Thursday, December 9, 2010

The Unexpected

     This week has been full of unexpected occurrences. Illness, broken water pipes, no water for a day, even a stray horse on the property. Yes, horse. It’s happened a few times. They are actually more welcome than the stray dogs. Dog drop-offs happen too frequently. Runaways, too. It seems they all like to come here. The worst time was when a stray actually killed one of Marie’s goats. I was furious. I’d called four different authorities in the area who all pled, “Not Our Responsibility.” The sheriff told me that the dog would actually have to be in the act of hurting a human before he could do anything.

     I loaded the blood-stained dog into the car and took it into town to leave it at the (“too full of dogs”) Humane Society. I must have been a picture. Blood on my hands and trousers as well as the dog. I was told I could take it to the veterinarian who would euthanize it; they would call ahead. I have to admit I felt bad for the dog. It was pretty nice to humans. But in my head I could hear the sound of Marie’s voice as I saw her running over the hill toward the little goat she’d kidded just a few months before. Mother’s fury returned. I took the dog through the doors of the facility and asked if the Humane Society had called ahead. A pretty girl behind the counter perked up, “Oh, you’re Sharon’s Mom! I worked with Sharon. Oh, hey, that’s the Pastor’s dog! We know him!”

     It took a few seconds to register that this was the dog of our new neighbor who was in the process of building a church at the end of our road. “We have to get the Pastor’s permission first,” the pretty girl informed me. I left the dog and headed straight for his old church. I was praying. I didn’t want to cause a scene. I’m actually not great with confrontation. The Pastor was there. He was counting the many Saran wrapped pies that must have been for a bake sale, lined on tables just inside the door. He reached out his hand with a friendly smile. Conscious of the impact of my appearance, I told him in a calmer, almost apologetic tone about the gory details. I asked him to allow the vet to euthanize his pet. I was really upset on so many levels. I had a picture in my head of the Pastor and Fido sitting before a crackling fire, Pastor with his pipe and Bible, Fido with his squeaky toy on the braided rug.

     The picture of Marie and her goat returned. The Pastor was understanding and sorry and offered to pay for the goat. “No, no, not necessary.“…I couldn’t wait to get back in my van! To tell the truth I hoped the Pastor had a friend in another state with a fenced yard who would take the dog. Whenever I passed his home and new church site I felt discomfort. I knew he was a good man. I also knew that what I had asked for was not out of the question. The discomfort dissolved when the dog showed up on our road a month later. Bruce called the Pastor. He’d given the dog to someone. Unfortunately, that someone was working on his church and bringing the dog with him. Mother’s protective instinct came back full force and I jumped in the car and drove to the site. I think God must put pretty young girls and Pastors and even elderly little old ladies between me and making a complete fool of myself.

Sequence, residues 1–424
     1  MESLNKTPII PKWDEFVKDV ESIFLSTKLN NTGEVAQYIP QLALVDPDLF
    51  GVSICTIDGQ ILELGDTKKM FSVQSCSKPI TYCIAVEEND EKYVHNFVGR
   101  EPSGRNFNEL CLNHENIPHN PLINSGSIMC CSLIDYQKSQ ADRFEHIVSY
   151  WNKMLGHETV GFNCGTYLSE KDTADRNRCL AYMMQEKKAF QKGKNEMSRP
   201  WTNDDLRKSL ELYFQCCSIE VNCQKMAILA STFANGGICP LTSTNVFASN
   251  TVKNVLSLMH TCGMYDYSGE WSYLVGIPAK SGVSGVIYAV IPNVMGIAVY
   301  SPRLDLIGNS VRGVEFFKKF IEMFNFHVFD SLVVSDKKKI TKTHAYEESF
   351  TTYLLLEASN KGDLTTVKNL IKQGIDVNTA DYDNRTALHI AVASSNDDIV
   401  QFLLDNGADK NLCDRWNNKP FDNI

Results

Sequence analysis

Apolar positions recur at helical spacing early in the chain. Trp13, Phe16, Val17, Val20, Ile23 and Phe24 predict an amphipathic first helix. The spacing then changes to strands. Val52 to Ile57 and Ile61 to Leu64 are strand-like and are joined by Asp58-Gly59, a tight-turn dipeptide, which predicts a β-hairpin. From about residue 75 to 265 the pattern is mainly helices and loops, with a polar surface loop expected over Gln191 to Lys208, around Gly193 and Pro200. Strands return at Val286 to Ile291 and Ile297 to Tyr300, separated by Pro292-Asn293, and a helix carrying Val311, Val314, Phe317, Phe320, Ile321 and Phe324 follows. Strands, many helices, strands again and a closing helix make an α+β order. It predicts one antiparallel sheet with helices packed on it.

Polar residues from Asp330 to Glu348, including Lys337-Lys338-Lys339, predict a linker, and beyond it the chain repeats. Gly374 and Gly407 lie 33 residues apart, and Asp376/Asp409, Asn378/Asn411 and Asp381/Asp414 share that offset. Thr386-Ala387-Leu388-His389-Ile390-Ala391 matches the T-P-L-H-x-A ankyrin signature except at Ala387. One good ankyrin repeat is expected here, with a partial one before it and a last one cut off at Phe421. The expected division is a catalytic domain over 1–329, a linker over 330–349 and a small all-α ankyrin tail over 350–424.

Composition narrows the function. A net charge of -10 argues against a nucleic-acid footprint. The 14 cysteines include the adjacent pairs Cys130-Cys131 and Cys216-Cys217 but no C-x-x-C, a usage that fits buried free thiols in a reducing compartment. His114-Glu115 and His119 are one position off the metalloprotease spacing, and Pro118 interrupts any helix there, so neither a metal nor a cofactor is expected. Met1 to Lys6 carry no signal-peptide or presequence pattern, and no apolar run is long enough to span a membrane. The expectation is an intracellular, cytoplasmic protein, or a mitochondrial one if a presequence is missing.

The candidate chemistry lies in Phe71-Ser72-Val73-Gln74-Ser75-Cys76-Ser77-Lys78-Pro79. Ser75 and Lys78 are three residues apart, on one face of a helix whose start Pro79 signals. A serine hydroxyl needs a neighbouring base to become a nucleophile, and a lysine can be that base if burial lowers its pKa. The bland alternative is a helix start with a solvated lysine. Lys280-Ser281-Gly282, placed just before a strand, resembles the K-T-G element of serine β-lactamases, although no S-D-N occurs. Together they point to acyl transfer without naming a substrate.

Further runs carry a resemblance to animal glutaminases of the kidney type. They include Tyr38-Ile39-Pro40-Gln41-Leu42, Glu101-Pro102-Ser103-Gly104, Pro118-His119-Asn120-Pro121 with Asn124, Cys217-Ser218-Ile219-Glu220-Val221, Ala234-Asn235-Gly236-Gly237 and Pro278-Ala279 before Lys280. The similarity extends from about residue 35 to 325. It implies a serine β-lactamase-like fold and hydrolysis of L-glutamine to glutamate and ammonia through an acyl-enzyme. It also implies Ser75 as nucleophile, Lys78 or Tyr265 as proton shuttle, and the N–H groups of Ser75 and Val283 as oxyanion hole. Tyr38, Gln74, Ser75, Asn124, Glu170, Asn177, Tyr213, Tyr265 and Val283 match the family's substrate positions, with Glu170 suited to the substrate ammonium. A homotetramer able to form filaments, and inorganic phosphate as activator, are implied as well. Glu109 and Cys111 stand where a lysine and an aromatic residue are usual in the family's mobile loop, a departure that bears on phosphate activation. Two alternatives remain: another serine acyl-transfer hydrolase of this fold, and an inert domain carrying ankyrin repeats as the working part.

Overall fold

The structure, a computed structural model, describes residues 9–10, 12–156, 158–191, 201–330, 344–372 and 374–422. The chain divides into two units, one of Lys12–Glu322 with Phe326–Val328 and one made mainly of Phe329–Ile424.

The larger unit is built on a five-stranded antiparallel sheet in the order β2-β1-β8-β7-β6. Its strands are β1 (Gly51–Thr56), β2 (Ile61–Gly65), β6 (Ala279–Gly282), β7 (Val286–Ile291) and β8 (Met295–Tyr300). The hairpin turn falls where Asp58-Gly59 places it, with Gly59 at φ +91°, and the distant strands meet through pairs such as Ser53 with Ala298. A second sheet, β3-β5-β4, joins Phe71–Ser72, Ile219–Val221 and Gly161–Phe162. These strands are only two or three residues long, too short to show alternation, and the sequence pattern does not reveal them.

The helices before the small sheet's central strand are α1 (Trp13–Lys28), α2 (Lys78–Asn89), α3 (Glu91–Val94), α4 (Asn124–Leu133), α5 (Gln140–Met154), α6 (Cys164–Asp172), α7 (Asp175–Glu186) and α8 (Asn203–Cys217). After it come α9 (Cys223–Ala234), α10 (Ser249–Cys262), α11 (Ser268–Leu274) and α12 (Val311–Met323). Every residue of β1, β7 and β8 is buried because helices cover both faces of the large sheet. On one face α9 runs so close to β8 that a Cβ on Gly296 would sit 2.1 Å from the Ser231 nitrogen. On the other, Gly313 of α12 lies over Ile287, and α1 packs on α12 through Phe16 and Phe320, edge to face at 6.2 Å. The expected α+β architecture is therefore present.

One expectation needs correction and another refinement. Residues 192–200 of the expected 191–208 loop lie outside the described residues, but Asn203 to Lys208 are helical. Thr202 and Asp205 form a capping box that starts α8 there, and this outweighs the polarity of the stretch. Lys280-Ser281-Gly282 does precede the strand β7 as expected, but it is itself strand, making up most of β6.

I had to help a little elderly woman up the slope to get to the construction site. She was sweet and excited about the first visit to her new church. I calmed. The confrontation was not bad. I asked the man to please keep his dog tied or not to bring it with him because it had a history with our goats. He was nice and proceeded to tell me it was a sweet dog with people. But then he told me he’d found out that the dog had been bred to fight and had even killed some other dogs. Oh, great.

     Such is life in the country. Marie did better than I with the episode. She understands life well for her age. Thankfully, we haven’t seen the dog since. So…a stray horse is no problem, even if it’s a stallion with his mares (that has happened, too). God allows these annoying thorns in our lives. Seems they come pretty regularly, here. But we are here for Him. Growing up we learned the answer to the question “Why are we here?” It is: “To know and to love and to serve God in this life and in the next.” The thorns build character and virtue for His plan and His glory. I pray that pretty girls and Pastors and little old ladies are thrown liberally in my thorny path.

God bless you,

The Abbey Farm

1 comment:

  1. “An inconvenience is only an adventure wrongly considered,” mused G.K. Chesterton in his essay "On Chasing One's Hat"